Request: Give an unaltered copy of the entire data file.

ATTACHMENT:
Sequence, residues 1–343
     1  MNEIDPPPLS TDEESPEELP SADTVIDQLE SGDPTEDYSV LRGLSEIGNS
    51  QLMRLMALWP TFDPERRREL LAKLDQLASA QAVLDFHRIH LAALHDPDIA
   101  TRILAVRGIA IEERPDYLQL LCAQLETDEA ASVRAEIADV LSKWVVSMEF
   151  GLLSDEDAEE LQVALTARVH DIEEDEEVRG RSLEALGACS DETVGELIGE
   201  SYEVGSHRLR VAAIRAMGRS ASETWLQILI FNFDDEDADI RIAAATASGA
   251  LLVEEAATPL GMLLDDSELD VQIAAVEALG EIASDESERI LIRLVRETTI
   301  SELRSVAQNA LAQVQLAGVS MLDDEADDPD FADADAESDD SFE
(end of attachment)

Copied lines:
Sequence, residues 1–343
     1  MNEIDPPPLS TDEESPEELP SADTVIDQLE SGDPTEDYSV LRGLSEIGNS
    51  QLMRLMALWP TFDPERRREL LAKLDQLASA QAVLDFHRIH LAALHDPDIA
   101  TRILAVRGIA IEERPDYLQL LCAQLETDEA ASVRAEIADV LSKWVVSMEF
   151  GLLSDEDAEE LQVALTARVH DIEEDEEVRG RSLEALGACS DETVGELIGE
   201  SYEVGSHRLR VAAIRAMGRS ASETWLQILI FNFDDEDADI RIAAATASGA
   251  LLVEEAATPL GMLLDDSELD VQIAAVEALG EIASDESERI LIRLVRETTI
   301  SELRSVAQNA LAQVQLAGVS MLDDEADDPD FADADAESDD SFE